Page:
The holiday season is ripe with opportunities to gather around the table with loved ones and enjoy a delicious meal.
Elevate your holiday menu with freshly harvested ingredients like naturally sweet pecans. As America’s only native tree nut, the pecan boasts a proud heritage shared by the farmers who have grown it for generations – but this tree nut is more than a pie ingredient.
While the American Pecan Council’s Classic Pecan Pie is an ideal grand finale, consider including nutrient-dense pecans throughout the holiday season as a snack or in innovative pecan-filled dishes like Roasted Acorn Squash with Pecan Vinaigrette and Pecan Wild Rice Pilaf.
In addition to being a versatile addition to your holiday feast, in each 1-ounce serving of pecans, you’ll get 12 grams of “good” monounsaturated fat with zero cholesterol or sodium, according to the USDA. Compared to other nuts, pecans are among the lowest in carbs (4 grams) and highest in dietary fiber (3 grams) per serving.
For more seasonal recipes, nutritional information and cooking tips, visit AmericanPecan.com.
Classic Pecan Pie
- 1 pie dough (9 inches)
- 6 tablespoons unsalted butter, melted and cooled
- 1 cup light corn syrup
- 1 cup light brown sugar
- 2 teaspoons pure vanilla extract
- 3 large eggs, lightly beaten
- 1/2 teaspoon salt
- 2 1/2 cups raw pecan halves
- Place baking sheet in oven. Heat oven to 350° F.
- Line pie pan with rolled out pie dough. Press into edges and up sides. Use fingers or fork to create decorative edge. Set aside.
- In large bowl, whisk together butter, corn syrup, brown sugar and vanilla extract. Add eggs and salt, and whisk until mixture is even. Fold in pecan halves.
- Pour mixture into pie crust and spread evenly with spatula. Use pieces of aluminum foil to cover edges of pie crust. Place pie on prepared baking sheet and bake 60-70 minutes, or until pie is set in center.
- Remove pie from oven and allow to cool completely before serving or chilling.
Note: Pie can be made 1 day ahead and refrigerated overnight. Allow pie to come to room temperature before serving.
Roasted Acorn Squash Salad with Pecan Vinaigrette
- 1 small acorn squash
- 1 tablespoon olive oil
- 1/4 teaspoon sea salt
- 1/2 cup raw pecan pieces
- 1/4 cup olive or pecan oil
- 2 tablespoons apple cider vinegar
- 1 tablespoon maple syrup
- 1/4 teaspoon sea salt
- 3-4 handfuls baby spinach
- 1 1/2 cups cooked farro
- 1 medium shallot, thinly sliced
- 1 ounce crumbled goat cheese
- Heat oven to 425° F.
- To create base, slice small part of one side of squash. Trim ends from squash, cut in half lengthwise and scoop out sides. Place cut-side down and cut squash into 1/4-inch thick slices. Place on sheet tray and toss with olive or pecan oil and salt. Roast until squash and peels are tender, 30-40 minutes.
- While squash is roasting, heat small skillet over medium heat. Add pecans and toast, shaking pan, until nuts are fragrant. Transfer 1/3 cup of pecans to bowl and reserve remaining pecans for topping. Add oil, vinegar, maple syrup and salt while nuts are still warm. Stir vigorously and set aside.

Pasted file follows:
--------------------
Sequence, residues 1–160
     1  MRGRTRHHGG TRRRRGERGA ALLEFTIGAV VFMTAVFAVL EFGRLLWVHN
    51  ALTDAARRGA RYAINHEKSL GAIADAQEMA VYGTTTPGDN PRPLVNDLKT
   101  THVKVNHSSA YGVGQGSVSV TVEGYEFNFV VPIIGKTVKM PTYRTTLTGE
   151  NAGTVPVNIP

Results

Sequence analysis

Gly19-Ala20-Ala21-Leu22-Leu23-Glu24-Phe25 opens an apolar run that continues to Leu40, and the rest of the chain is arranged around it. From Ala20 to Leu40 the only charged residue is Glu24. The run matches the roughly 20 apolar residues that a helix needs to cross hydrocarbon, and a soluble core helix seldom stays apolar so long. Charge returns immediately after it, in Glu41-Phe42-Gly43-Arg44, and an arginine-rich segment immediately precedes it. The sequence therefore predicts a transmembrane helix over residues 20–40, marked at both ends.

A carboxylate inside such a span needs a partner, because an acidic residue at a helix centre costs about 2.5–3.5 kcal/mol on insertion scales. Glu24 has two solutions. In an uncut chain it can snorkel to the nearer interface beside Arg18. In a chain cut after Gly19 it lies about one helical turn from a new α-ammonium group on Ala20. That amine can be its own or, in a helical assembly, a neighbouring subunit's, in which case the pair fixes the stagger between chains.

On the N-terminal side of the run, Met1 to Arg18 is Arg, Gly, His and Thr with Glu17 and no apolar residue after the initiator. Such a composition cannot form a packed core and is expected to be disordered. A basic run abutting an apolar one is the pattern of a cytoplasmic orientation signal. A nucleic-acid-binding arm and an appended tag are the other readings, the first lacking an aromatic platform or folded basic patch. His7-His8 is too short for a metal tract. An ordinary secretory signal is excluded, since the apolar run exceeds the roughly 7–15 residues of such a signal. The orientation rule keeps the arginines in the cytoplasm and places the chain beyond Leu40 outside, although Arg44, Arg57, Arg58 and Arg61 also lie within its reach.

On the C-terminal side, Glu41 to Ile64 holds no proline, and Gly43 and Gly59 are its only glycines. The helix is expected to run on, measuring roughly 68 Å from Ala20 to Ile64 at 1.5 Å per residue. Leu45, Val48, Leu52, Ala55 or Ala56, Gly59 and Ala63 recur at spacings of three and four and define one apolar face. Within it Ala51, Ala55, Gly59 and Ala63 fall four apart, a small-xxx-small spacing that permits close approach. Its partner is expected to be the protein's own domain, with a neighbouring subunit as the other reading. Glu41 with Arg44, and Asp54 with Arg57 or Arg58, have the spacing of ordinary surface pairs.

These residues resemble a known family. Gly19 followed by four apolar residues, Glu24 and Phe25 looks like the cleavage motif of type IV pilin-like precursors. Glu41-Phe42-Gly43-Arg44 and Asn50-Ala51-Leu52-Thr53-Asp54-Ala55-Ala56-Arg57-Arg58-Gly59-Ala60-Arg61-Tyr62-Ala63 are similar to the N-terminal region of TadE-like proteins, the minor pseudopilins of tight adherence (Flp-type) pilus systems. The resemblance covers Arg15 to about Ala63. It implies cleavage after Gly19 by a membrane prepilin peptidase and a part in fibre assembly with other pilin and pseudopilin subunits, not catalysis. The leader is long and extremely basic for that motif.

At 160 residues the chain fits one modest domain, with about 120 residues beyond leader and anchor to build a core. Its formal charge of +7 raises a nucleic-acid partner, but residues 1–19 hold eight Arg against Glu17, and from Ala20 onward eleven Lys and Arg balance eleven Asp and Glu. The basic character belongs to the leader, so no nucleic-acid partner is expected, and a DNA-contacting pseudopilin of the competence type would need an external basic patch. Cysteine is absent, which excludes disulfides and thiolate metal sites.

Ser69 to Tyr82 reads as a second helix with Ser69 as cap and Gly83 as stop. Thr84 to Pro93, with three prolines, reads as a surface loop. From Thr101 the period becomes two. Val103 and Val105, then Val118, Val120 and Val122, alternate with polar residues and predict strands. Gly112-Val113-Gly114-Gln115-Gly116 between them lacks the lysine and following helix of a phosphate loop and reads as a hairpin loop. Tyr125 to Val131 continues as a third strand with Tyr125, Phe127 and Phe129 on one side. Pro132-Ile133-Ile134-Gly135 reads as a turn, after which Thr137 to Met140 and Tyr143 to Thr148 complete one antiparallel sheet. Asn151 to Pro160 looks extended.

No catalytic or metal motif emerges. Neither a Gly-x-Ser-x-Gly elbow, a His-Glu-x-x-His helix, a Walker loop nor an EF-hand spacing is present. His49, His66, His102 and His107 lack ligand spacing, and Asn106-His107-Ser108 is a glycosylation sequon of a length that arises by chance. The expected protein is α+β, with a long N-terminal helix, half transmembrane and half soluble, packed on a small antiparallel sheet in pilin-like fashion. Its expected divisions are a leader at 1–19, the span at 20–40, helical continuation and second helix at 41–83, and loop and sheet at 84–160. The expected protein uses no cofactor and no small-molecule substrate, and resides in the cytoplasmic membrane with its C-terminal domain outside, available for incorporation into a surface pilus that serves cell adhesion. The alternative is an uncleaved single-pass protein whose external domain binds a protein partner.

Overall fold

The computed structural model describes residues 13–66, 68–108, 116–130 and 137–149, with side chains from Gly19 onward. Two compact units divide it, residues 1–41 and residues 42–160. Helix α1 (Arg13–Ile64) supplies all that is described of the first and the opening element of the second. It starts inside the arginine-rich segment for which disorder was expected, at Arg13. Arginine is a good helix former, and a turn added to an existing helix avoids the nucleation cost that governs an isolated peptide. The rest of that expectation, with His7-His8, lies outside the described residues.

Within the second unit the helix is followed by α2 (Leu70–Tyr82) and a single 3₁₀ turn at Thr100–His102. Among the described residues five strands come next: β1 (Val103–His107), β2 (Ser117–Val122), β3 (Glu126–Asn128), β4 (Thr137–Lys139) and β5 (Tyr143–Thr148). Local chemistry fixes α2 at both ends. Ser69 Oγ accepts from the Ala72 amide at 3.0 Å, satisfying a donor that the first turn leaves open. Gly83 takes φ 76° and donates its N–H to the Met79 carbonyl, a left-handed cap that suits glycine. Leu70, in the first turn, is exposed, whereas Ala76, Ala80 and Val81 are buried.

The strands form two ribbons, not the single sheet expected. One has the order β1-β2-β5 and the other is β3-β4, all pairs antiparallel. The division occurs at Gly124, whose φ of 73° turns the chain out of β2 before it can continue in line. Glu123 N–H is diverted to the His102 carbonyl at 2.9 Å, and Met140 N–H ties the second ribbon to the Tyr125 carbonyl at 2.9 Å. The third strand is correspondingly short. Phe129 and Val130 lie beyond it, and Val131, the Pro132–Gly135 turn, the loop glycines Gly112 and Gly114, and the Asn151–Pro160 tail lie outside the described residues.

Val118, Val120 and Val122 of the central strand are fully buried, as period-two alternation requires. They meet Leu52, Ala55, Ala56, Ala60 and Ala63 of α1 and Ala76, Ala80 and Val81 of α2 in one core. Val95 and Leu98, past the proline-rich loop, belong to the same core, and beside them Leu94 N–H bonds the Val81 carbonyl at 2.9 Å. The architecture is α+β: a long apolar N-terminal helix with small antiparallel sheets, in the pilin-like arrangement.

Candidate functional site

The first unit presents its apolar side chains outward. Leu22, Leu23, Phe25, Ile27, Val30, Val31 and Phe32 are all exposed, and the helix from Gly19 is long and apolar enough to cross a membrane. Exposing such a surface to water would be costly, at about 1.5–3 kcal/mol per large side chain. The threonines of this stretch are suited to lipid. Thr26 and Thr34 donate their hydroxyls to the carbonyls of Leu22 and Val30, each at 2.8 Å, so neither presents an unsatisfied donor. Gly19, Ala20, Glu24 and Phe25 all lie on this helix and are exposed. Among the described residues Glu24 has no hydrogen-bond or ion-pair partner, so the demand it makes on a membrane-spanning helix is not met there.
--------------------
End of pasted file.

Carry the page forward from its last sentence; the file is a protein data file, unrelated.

- In large bowl, combine spinach, farro, shallot, half the squash and half the dressing. Toss to combine then lay remaining squash on top of salad. Drizzle with remaining dressing and sprinkle with goat cheese and remaining toasted pecans before serving.
Note: Acorn squash skin is edible but needs roasting long enough to make it tender. If unsure, use delicata squash or skinless butternut squash.
Pecan Wild Rice Pilaf
- 2 cups chicken or vegetable stock
- 2 cups water
- 1/8 teaspoon ground nutmeg
- 1/4 teaspoon ground ginger
- 1 teaspoon kosher salt, plus additional, to taste
- 1/4 teaspoon cloves
- 1 cinnamon stick
- 3/4 cup wild rice, rinsed
- 1 cup black rice, rinsed
- 1 tablespoon extra-virgin olive oil or pecan oil
- 1 tablespoon unsalted butter
- 1/2 large sweet onion, diced
- 2 cups butternut squash, diced
- 1 medium tart apple, peeled and diced
- black pepper, to taste
- 1/2 teaspoon dried thyme
- 1/2 teaspoon ground cinnamon
- 3/4 cup chopped pecans or pecan pieces
- 1/3 cup dried currants
- In medium saucepan, bring stock, water, nutmeg, ginger, 1 teaspoon kosher salt, cloves and cinnamon stick to boil. Add rice and bring back to simmer. Reduce heat to low and half cover with lid. Allow rice to simmer about 45 minutes, or until tender and liquid is absorbed. Remove and discard cinnamon stick.
- While rice is cooking, in large skillet, heat olive or pecan oil and butter. Add onion and cook, stirring frequently, until translucent, about 4 minutes. Add in butternut squash and cook, stirring often, until squash is tender and beginning to caramelize at edges, about 8-10 minutes. Add in apples and cook additional 3-4 minutes, or until apples soften. Season with salt and pepper, to taste, along with thyme and ground cinnamon. Stir in chopped pecans and currants, and cook until pecans are slightly golden and fragrant. Remove mixture from heat.
- Stir butternut squash mixture with cooked rice and season, to taste, with salt and pepper. Serve warm or at room temperature.
SOURCE: American Pecan Council